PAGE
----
I poured the sickening mixture, which looked more like hot sauce than anything else, into a glass. She tossed it back in one long slow gurgling drink with her head leaned so far I don't see how her floppy hat didn't fall off.

"Ahhhhhhhhhhhh," she exhaled and laid the glass loudly on the counter. "You're learning, hon', you're learning. Gimme another but this time dont skimp."

As I started preparing a second one, a funny expression came over her face and she grabbed her purse and umbrella and stood up quickly.

"Where's your bathroom, honey?"

I pointed, back and to the left. She walked stiflly and hurriedly in that direction.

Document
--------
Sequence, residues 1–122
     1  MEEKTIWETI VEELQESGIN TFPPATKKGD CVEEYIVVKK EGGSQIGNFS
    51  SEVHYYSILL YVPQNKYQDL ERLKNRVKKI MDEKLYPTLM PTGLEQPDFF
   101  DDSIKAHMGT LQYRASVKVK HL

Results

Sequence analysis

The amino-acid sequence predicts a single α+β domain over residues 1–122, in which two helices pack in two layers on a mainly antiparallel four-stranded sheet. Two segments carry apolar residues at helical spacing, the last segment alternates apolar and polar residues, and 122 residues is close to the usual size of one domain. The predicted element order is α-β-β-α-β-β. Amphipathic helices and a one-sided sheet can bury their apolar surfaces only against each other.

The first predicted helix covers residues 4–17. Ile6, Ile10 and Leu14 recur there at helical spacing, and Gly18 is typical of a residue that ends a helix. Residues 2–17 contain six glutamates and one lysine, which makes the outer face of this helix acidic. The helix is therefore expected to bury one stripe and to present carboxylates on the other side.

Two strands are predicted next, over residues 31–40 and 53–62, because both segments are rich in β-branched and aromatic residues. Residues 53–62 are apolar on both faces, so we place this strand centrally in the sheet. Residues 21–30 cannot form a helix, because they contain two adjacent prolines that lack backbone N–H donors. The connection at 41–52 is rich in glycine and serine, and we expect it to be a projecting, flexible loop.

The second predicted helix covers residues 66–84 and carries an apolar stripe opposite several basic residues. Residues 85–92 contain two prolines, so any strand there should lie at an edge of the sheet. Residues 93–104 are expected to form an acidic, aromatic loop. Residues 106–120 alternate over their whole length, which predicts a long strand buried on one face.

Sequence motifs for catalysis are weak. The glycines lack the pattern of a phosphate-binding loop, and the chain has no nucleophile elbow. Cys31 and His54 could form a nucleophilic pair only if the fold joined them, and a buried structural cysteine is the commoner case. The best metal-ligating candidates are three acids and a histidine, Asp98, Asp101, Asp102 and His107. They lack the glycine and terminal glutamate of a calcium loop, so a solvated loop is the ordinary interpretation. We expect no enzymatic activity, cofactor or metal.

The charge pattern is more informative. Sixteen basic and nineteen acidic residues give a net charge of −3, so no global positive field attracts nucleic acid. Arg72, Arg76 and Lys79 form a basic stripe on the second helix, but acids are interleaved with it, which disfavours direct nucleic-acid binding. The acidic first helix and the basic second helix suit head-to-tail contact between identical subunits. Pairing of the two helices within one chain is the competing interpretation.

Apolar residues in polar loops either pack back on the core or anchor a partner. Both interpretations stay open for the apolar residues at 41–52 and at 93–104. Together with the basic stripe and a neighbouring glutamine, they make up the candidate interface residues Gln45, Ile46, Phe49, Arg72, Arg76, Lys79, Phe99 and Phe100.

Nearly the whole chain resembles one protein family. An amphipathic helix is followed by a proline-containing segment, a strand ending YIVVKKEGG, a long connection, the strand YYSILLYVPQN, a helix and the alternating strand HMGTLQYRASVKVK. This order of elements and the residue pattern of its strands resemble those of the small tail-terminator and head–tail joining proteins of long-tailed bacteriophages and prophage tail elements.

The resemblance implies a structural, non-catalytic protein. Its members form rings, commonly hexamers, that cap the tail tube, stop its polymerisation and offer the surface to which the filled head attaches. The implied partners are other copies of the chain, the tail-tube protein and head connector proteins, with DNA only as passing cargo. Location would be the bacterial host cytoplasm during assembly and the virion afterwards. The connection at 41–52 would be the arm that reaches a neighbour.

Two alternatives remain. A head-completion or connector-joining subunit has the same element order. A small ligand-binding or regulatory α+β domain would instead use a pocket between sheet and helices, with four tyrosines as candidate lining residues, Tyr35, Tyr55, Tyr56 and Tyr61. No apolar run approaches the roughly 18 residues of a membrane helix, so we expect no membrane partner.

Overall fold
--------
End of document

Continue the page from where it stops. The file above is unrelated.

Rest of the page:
She never did come back. I paid for her drink myself. It happens.

Wednesday, March 27, 2013

The Seventeenth Island

I'm hoisting the Jolly Roger, and in the words of that great Ant man, "It's your money that we want, and your money we shall have." Even if it's just 99 cents for the Kindle edition.

We're looking at a late-April simultaneous release of the next two JSH Book Club installments - The Bartender, featuring illustrations by J.T. Dockery, and a pirate novel entitled The Seventeenth Island. Meanwhile, the science fiction epic Solar Station A, originally scheduled for this slot, has been moved to a summer release. Solar Station A will likely be the first of the book club offerings to be presented in a hardcover print edition independent of any online-based platform like Amazon's.